This is a standard three-legged firewall configuration with a DMZ and a private subnet. No services are provided on the firewall itself. All services accessible to the public Internet are provided in the DMZ. All general purpose desktops exist on the private subnet using RFC1918 private internet addresses. An internal server provides DHCP, DNS, NTP and other services on the internal private network. The internal network is autonomous for LAN functions. This means that WAN outages do not break the private network.
The connection policy in the DMZ is strict. Only specific incoming ports are allowed. Only specific outgoing ports are allowed. This last restriction on outgoing ports surprises some people. But these hosts are appliances dedicated to the task and do not need general outgoing access. Blocking non-allowed ports will help mitigate a security compromise on those hosts. Because the DMZ hosts are visible on the public Internet they are the target of most attacks and the most likely to suffer from a security compromise.
The connection policy in the private network is not strict. All outgoing connections are allowed, with the exception of SMTP port 25 for mail. Mail must relay through the mail relay host. This restriction prevents a possible virus infection on a MS-Win gaming machine in the private network from being an unfriendly neighbor on the Internet. With the exception of Sue's PC the only time the machines are booted into MS-Windows is for game nights. Otherwise all hosts are GNU/UNIX hosts.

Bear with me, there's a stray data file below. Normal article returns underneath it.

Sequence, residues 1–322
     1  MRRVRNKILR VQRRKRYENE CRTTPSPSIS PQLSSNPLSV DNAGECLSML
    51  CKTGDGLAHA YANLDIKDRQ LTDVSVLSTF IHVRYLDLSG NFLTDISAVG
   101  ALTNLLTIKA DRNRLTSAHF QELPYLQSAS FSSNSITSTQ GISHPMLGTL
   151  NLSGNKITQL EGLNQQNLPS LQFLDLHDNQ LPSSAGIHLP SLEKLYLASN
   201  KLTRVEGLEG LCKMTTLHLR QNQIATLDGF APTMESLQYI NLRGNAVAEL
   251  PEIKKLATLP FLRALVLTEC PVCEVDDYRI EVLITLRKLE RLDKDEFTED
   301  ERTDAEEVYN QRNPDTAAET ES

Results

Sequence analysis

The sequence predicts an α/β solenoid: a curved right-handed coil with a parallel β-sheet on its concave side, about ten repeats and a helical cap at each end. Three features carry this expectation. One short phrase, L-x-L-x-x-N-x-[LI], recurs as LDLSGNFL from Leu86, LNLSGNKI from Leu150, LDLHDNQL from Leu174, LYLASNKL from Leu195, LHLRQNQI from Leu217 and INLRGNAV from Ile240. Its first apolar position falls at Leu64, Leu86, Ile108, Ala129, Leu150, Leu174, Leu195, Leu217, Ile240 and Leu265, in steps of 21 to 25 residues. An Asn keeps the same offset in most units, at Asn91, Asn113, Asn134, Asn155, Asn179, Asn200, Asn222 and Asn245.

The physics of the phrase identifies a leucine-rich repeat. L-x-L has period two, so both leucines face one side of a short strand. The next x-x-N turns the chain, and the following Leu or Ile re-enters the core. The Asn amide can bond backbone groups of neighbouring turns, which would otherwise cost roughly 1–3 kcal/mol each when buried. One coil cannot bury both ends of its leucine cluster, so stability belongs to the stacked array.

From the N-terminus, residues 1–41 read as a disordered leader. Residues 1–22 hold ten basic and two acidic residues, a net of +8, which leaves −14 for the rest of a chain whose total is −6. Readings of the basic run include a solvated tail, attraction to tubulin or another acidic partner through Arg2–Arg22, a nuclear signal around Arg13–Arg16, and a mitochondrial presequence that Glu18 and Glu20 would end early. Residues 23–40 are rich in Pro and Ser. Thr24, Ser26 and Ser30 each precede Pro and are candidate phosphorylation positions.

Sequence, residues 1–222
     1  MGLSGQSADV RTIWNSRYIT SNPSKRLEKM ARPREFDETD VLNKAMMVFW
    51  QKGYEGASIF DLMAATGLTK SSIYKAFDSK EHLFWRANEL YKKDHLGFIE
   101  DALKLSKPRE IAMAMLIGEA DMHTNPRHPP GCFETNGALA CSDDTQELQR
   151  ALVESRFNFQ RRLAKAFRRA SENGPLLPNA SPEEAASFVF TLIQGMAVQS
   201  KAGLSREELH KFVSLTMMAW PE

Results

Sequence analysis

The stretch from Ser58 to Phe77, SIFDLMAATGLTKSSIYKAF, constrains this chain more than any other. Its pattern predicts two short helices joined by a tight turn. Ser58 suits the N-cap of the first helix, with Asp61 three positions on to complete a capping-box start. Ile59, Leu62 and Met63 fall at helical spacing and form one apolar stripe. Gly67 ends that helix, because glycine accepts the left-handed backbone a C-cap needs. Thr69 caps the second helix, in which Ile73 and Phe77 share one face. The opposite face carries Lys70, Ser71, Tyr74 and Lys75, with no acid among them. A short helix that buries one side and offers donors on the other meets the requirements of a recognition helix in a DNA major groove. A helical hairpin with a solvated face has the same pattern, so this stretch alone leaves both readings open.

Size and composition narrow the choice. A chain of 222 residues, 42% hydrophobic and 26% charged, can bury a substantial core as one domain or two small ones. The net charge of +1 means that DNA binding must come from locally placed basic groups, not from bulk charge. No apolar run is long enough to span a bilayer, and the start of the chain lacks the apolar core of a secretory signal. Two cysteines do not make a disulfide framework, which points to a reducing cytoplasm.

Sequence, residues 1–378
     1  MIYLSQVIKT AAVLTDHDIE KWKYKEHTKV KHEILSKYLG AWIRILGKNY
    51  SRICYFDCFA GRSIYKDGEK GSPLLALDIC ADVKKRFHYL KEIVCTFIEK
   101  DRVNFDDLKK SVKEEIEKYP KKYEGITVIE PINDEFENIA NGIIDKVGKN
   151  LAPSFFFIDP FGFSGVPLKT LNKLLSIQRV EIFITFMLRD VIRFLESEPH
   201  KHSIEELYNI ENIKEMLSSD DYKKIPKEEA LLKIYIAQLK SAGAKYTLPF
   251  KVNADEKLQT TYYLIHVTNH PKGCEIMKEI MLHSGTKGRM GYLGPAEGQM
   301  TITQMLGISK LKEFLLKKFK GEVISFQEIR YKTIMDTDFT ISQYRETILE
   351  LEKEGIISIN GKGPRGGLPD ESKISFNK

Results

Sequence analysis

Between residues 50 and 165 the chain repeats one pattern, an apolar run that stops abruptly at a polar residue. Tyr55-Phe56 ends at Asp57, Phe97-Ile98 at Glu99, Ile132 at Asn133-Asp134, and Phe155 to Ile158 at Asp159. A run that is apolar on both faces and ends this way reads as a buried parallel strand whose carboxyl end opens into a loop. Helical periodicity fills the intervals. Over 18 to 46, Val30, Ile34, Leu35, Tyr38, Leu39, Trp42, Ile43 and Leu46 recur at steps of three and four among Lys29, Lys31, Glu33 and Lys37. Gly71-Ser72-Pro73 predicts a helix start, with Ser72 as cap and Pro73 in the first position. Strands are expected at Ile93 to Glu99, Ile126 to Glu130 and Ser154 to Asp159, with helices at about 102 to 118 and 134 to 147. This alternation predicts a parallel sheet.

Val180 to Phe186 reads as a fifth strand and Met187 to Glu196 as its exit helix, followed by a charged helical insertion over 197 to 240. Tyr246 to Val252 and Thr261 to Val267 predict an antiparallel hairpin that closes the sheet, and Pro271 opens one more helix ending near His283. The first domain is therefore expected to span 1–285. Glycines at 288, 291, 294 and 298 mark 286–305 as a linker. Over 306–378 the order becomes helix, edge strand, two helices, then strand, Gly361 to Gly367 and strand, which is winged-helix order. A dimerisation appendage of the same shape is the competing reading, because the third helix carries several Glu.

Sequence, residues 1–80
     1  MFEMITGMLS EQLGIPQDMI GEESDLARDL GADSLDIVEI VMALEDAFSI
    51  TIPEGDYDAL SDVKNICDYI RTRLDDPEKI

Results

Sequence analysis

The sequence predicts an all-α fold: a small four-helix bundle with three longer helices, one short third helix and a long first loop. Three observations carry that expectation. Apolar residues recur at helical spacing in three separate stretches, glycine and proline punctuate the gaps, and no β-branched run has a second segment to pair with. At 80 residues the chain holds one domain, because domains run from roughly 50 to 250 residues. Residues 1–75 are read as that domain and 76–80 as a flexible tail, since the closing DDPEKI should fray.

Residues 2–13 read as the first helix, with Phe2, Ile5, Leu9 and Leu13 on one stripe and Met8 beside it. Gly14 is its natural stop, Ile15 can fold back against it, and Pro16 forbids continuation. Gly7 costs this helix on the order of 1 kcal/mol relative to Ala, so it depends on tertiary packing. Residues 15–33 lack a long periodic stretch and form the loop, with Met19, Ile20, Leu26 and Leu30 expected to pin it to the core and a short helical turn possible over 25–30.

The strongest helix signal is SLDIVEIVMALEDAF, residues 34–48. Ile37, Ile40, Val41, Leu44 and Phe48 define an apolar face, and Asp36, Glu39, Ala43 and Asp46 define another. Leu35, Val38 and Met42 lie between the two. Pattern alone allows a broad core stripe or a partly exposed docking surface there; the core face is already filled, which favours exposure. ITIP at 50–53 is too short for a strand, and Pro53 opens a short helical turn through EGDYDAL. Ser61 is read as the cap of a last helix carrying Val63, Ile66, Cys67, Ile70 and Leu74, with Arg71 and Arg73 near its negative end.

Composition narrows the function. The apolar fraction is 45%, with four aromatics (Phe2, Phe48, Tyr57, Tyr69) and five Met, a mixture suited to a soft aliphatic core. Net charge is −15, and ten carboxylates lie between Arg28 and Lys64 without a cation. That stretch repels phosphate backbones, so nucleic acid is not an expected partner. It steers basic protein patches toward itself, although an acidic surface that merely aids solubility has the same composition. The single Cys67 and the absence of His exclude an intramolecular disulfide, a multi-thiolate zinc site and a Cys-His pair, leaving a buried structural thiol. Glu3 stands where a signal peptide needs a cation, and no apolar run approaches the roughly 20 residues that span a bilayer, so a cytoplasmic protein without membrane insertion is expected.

This configuration has several advantages. A compromise of a host in the DMZ cannot affect hosts on the private network. The firewall host itself does not host any services. That makes it a much harder target to attack. The network view of hosts on the private network is the same as if they were behind a simple client only firewall.
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